The spiciest guajillo can reach 5,000 Scoville heat units.
If the sauce is too thick, add some water. Don’t add too much. About 1/2 cup water. Just enough to be able to strain the sauce.
Then… add some more water to the blender. Just to get any remaining sauce that might be lingering at the bottom of the blender.
- Strain the sauce.
- With the back of your cooking spoon, push out as much of the sauce.
- Discard any bit and pieces left in the strainer.
Guajillo Sauce freezes extremely well. Put it into a freezable plastic bag, removing as much air as possible. It lasts up to 5 months in the freezer or up to 5 days in the fridge.
Word to the Wise: Make two batches. One to use now, and another to freezer for later.
The strained sauce goes back in the pot and gets boiled. To freeze, you need the sauce to cool.
How to use the sauce:
- Sear any protein – chicken, beef, pork, fish.
- Add the sauce.
- Simmer until the protein is fully cooked.
You can also add vegetables for a more complete meal. Serve with corn tortillas, refried beans, or Mexican rice.
- Stock pot
- Kitchen scissors
- 10-12 guajillo peppers
- 4 cups water (to rehydrate chiles)
- 2 cloves garlic
- 1/4 onion
- 1 tspn cumin
- 1 tspn salt (or to taste)
- 2 cups water (to blend)
- 1 tbsp olive oil
- With a damp paper towel, wipe off any dust on the peppers.
- Remove the stems, seeds, and veins of the guajillo peppers
- Add 4 cups water and the cleaned peppers to a stock pot.
- Put the lid on, and bring to a boil.
- Turn heat off, leaving the peppers inside.
- Wait for 5 minutes, or until the chiles are pliable.
- Discard the water.
- Rinse the pot and set aside until ready to use.
- To a blender, add the rehydrated peppers, garlic, onion, cumin, and salt.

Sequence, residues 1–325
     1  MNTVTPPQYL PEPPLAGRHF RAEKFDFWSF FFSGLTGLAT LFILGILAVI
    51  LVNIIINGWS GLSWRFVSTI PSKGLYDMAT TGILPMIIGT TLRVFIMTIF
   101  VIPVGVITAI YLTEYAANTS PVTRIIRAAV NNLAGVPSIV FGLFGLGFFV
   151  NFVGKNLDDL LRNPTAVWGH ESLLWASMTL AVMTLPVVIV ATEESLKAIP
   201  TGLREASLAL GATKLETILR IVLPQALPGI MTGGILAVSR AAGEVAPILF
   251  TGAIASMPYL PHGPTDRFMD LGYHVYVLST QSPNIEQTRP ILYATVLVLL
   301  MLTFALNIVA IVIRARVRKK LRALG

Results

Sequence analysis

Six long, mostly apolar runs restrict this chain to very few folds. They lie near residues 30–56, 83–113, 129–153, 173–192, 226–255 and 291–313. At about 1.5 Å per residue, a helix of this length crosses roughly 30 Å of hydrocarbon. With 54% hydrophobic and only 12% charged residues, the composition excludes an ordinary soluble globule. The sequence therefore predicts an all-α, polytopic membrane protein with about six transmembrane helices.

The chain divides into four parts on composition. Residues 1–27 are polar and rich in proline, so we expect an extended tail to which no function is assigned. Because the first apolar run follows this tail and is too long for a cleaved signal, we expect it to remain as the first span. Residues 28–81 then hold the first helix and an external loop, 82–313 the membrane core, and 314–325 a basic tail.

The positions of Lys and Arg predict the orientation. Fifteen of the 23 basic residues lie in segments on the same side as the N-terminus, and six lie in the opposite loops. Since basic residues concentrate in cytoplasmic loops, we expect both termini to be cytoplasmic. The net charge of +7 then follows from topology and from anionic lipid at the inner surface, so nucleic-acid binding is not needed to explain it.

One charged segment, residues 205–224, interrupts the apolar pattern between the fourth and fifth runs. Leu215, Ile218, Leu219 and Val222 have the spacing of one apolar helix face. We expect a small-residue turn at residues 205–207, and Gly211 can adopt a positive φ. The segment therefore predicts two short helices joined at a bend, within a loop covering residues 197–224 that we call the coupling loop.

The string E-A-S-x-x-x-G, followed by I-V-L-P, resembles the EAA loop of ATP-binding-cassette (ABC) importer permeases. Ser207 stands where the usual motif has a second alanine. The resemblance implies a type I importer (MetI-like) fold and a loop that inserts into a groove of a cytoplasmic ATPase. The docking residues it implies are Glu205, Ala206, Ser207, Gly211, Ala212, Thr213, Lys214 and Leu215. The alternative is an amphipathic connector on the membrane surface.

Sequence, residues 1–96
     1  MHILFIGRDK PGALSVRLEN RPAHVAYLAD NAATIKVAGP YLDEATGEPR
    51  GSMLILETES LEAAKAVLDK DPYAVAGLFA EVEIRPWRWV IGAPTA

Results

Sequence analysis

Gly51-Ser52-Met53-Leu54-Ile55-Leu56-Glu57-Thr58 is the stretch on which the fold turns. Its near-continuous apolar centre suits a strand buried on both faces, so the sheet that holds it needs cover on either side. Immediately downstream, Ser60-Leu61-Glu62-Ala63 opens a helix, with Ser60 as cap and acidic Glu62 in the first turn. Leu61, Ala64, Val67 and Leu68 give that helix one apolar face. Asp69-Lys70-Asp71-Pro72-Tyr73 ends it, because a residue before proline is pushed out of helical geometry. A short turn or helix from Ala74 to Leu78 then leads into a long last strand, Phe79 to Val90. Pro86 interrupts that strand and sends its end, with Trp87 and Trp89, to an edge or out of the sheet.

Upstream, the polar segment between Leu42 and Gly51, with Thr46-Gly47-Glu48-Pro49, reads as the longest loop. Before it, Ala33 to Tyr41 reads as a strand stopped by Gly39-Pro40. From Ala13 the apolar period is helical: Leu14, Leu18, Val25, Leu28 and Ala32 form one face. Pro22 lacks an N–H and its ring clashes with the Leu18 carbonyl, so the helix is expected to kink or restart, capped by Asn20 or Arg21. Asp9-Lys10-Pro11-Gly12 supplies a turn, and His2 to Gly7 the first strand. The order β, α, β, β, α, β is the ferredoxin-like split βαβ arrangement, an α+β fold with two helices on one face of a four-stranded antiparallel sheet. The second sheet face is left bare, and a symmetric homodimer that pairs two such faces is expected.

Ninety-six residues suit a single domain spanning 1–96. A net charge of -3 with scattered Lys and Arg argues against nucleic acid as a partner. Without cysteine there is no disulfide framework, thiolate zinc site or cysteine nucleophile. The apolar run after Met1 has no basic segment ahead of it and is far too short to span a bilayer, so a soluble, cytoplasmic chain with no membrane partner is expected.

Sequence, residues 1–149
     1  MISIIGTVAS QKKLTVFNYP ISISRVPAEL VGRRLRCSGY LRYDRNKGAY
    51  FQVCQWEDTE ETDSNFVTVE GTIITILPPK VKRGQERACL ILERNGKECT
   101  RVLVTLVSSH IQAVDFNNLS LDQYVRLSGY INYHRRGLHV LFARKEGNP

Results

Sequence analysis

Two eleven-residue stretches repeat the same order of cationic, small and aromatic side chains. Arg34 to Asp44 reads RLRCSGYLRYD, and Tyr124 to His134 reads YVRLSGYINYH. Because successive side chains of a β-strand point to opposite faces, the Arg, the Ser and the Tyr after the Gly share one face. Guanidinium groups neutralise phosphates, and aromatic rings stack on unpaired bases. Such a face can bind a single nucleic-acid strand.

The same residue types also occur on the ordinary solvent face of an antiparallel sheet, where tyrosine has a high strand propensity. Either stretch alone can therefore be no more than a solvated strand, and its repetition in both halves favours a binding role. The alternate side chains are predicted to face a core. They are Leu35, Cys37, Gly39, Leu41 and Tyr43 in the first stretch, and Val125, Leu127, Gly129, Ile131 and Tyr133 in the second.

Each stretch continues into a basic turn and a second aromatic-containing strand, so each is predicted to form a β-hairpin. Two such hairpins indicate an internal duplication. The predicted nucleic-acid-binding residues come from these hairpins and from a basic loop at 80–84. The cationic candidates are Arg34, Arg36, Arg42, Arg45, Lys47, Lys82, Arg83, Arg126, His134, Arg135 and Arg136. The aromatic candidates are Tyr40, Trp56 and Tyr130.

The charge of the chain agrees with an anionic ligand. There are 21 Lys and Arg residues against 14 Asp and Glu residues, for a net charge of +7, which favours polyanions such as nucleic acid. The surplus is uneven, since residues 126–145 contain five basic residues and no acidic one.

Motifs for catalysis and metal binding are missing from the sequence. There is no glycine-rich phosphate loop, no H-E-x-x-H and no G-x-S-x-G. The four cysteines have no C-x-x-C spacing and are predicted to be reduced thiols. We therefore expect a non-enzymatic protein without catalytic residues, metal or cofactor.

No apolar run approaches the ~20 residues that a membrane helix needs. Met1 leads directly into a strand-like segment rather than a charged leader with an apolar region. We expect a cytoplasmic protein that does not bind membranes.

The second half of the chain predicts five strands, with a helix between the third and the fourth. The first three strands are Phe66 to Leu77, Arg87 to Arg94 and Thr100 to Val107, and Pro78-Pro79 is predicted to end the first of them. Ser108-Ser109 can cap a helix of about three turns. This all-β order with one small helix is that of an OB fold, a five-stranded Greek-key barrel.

- Add 2 cups water to the blender.
- Blend until smooth.
- Heat olive oil in the stock pot.
- Add a strainer over the stock pot.
- Carefully strain the sauce into the pot, using the back of a spoon.
- Be very careful. It can splatter.
- Bring to a simmer.
- Cook the sauce for 8-10 minutes.
- Stir occasionally.
- Taste for salt.
Hi, in your recipe it calls for 1t. of cumin. Is that ground cumin or cumin seeds? Thanks, for sharing will be giving this recipe a try for sure.
Either works. They will get ground in the blender. Preferably ground cumin. It will blend easier.
Can you make guajillo pepper potatoes with this sauce?
Yes! That’s what I make as a side dish all the time using this sauce.
Is there a recipe for the guajillo pepper potatoes? I looked and must’ve missed it.
Potatoes? You can add this sauce to cooked potatoes. For 4 potatoes, use only 1 cup. Hope that helps.
I made this sauce for the 1st time. I pan heated meatballs & squash and then served each person 2 separate dishes. One with a good name brand spaghetti sauce and one with guajillo sauce. Only difference was the sauce. All 4 family members voted the guajillo sauce as better tasting. It was much better than I anticipated.
So glad you and your family enjoyed this!